A Lithochronosequence of Soils Formed in Dune Sand1
- R. J. Miles and
- D. P. Franzmeier2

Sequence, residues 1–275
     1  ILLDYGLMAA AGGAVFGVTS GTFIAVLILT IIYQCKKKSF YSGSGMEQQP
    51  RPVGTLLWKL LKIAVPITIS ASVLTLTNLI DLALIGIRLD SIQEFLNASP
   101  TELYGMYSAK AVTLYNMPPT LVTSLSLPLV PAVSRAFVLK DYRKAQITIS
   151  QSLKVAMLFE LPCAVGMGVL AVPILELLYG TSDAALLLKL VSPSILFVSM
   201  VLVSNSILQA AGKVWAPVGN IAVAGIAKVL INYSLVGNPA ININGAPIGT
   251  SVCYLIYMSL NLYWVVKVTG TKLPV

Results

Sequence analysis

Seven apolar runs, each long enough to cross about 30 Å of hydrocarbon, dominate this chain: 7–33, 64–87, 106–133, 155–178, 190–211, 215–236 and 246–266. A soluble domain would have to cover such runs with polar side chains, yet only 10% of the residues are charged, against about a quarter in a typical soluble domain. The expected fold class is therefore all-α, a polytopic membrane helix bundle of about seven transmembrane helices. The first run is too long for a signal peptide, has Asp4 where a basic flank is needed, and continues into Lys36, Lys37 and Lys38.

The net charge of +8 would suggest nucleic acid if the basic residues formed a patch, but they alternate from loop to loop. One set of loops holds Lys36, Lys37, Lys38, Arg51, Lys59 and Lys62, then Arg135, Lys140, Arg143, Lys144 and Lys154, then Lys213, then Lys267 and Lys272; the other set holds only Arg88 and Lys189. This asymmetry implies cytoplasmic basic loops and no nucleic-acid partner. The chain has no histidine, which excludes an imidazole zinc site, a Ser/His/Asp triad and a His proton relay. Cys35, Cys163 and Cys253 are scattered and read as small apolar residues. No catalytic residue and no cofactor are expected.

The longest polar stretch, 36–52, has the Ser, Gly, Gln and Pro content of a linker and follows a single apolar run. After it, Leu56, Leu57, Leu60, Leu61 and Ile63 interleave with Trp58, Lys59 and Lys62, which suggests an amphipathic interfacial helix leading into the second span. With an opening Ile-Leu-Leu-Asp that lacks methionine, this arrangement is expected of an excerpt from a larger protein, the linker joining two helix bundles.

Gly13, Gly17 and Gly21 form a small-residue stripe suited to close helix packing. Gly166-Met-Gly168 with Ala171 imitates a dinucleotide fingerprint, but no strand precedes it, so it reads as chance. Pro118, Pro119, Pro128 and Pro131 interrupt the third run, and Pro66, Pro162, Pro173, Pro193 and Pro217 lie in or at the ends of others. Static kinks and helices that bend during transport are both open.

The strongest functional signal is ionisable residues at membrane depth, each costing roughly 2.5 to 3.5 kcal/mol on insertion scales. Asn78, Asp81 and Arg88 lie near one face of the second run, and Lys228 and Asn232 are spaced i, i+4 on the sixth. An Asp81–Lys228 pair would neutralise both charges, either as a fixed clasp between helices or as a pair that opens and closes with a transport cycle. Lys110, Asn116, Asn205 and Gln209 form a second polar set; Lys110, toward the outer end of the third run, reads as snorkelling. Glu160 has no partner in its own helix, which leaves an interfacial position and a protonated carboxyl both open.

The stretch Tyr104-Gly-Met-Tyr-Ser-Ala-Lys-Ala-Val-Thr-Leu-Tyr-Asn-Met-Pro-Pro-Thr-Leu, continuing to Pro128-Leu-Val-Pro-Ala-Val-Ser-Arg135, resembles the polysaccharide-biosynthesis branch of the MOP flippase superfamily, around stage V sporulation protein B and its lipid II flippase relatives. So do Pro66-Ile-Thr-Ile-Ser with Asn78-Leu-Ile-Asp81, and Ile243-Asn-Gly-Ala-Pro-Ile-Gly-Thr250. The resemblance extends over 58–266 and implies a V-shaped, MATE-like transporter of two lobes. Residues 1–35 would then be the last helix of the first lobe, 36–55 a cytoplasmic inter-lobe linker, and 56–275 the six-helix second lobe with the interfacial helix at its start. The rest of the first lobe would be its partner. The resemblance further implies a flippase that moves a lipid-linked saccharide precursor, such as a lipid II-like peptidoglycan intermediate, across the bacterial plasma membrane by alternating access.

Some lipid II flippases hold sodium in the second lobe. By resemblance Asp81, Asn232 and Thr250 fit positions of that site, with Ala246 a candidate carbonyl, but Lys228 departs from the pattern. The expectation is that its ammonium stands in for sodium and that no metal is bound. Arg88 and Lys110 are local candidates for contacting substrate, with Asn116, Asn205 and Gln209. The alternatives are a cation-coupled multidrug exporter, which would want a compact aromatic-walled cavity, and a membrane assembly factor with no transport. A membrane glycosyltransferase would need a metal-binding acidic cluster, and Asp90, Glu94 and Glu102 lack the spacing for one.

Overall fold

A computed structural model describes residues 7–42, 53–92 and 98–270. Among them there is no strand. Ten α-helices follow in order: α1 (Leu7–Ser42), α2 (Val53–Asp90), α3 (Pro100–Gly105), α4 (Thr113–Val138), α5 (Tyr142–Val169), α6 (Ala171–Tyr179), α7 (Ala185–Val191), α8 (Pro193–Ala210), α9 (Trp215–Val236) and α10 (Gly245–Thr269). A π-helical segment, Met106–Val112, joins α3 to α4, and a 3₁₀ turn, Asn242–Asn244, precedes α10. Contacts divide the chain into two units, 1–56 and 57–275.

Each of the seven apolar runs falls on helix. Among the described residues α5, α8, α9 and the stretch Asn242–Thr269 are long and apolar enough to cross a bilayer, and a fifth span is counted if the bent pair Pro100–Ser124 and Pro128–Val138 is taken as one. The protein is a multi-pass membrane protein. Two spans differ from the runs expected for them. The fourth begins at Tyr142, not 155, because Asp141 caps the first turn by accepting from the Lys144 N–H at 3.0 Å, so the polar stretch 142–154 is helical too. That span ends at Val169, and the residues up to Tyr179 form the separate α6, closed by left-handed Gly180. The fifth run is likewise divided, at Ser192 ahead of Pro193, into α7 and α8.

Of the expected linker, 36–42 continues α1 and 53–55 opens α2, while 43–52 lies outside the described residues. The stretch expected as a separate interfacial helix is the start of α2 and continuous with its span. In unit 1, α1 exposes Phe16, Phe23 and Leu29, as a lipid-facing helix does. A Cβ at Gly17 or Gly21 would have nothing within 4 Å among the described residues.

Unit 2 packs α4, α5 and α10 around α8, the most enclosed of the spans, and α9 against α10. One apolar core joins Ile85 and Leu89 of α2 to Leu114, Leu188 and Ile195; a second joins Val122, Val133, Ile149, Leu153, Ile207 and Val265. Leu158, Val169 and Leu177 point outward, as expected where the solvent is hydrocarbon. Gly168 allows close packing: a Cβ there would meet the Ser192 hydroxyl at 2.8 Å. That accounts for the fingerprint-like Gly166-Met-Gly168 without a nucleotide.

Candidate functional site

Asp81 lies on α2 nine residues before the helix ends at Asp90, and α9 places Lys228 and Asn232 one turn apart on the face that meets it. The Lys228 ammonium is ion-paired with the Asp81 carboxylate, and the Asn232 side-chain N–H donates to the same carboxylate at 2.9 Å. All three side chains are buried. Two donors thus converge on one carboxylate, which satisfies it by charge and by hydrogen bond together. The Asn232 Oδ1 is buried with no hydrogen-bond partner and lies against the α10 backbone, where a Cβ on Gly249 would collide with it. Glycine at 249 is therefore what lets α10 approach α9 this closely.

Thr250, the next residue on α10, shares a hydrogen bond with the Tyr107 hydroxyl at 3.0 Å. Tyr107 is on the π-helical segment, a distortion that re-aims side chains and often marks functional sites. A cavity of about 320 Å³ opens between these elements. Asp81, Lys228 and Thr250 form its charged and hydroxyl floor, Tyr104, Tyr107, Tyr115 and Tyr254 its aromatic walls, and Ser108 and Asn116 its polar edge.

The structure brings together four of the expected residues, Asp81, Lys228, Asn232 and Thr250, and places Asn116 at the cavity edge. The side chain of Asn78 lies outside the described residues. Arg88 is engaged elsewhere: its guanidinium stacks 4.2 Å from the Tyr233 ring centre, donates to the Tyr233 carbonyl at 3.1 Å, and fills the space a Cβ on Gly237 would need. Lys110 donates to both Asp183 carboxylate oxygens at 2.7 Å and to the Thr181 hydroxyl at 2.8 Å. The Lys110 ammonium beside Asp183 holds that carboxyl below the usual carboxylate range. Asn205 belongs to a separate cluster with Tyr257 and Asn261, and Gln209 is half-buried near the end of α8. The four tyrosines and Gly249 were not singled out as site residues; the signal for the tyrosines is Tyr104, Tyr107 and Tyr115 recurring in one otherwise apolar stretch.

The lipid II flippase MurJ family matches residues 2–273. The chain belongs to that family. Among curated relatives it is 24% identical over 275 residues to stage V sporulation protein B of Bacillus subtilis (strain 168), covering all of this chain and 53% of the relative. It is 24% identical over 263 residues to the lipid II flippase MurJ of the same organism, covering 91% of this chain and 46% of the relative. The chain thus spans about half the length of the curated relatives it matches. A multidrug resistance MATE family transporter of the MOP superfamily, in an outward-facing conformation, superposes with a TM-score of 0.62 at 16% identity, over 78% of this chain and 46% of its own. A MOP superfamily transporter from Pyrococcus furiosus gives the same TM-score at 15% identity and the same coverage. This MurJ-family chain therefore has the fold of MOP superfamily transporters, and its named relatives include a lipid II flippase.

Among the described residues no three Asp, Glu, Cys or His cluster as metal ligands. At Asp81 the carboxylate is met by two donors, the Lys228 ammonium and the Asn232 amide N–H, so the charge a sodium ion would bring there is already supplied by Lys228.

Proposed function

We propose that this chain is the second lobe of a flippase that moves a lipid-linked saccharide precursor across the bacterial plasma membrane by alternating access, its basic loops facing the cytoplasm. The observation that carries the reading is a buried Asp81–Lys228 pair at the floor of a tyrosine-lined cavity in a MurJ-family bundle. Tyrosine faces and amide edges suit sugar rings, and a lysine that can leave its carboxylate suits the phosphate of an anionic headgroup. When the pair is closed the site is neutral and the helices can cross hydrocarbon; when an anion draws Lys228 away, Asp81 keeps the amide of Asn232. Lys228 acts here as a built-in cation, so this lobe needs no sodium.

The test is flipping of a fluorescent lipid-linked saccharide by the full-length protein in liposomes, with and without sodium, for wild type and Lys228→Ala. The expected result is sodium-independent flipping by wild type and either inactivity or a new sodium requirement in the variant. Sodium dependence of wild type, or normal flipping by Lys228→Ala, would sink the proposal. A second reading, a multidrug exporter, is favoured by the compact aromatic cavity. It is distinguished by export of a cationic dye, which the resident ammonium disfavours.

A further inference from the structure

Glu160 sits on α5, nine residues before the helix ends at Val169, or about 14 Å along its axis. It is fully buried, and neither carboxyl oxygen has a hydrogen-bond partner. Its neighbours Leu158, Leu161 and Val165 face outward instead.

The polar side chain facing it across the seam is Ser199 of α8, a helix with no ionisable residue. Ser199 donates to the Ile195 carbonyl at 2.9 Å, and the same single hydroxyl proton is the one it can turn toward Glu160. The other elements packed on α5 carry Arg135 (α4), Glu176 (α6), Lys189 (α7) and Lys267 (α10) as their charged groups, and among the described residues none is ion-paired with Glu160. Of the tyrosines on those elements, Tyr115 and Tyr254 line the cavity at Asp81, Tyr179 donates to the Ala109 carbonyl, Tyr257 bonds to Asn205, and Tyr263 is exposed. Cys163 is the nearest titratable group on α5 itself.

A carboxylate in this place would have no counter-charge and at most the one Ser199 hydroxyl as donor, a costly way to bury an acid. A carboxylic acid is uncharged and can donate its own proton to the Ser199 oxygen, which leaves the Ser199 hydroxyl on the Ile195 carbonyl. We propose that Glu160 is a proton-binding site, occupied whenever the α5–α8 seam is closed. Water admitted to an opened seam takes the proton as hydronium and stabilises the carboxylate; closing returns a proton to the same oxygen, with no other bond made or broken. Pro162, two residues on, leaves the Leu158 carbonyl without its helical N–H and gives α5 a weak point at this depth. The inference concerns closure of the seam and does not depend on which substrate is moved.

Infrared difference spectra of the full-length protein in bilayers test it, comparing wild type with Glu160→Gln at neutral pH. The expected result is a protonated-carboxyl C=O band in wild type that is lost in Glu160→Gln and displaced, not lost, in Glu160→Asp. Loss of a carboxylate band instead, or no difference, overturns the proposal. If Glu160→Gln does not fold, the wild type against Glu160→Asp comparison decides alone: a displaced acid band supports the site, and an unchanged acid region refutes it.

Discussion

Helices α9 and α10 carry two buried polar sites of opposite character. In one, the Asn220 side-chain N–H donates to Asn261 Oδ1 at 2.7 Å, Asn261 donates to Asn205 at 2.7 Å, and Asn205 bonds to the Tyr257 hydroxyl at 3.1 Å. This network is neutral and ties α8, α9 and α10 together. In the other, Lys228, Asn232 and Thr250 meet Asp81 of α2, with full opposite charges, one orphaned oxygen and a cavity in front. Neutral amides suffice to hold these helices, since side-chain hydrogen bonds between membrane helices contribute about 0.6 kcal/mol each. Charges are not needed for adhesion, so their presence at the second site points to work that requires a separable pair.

In western Indiana, soils on sand dunes range in development from those with only a weak color B horizon to those with a strongly developed argillic horizon. For this study, five soil sites exhibiting various degrees of soil development were described and analyzed. The most strongly developed soils were on older land surfaces, but they also contained more weatherable minerals in the C horizons. Thus, the increased development can be related to both time and parent material factors. Within a geomorphic area where land surfaces were similar in age, the site farther from the source had finer and better sorted sands, contained more weatherable minerals, and had stronger profile development. In soils containing subsoil textural lamellae, the bands were slightly coarser grained and contained more weatherable heavy materials, especially apatite, than the matrix. Apparently, much of the soil clay originated from weathering feldspars. As it moved down the profile, it was flocculated in the zones containing more weatherable heavy minerals, especially amphiboles, by Fe and Al released from these minerals. Phosphate released from apatite also might have helped precipitate Fe, Al, and clay in the lamellae.Please view the pdf by using the Full Text (PDF) link under 'View' to the left.
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